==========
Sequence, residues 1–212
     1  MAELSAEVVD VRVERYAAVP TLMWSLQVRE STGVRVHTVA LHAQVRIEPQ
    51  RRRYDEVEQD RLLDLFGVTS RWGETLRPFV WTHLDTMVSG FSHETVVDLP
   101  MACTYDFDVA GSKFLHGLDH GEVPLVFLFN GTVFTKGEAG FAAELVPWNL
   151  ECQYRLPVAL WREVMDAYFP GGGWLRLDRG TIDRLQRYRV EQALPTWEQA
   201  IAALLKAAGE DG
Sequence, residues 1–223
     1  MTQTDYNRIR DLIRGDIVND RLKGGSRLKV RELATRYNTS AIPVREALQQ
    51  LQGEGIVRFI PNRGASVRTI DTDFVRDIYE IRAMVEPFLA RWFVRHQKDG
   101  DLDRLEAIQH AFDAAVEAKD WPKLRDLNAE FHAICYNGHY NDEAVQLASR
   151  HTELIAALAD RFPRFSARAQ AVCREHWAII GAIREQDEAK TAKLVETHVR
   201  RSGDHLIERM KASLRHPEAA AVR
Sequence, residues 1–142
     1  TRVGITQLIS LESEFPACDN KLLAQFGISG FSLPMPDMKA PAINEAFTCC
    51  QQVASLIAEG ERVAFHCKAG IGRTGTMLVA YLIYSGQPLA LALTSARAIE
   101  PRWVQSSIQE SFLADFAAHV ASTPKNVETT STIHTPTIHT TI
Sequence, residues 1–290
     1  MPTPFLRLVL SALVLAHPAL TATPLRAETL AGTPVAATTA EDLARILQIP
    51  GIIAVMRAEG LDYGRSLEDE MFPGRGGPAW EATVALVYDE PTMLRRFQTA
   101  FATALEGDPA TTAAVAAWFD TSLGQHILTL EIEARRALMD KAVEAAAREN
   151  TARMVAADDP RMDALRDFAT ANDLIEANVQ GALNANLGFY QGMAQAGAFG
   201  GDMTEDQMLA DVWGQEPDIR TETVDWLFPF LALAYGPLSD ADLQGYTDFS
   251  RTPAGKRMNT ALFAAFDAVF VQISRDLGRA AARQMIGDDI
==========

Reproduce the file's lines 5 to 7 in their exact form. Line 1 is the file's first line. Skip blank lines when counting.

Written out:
   151  ECQYRLPVAL WREVMDAYFP GGGWLRLDRG TIDRLQRYRV EQALPTWEQA
   201  IAALLKAAGE DG
Sequence, residues 1–223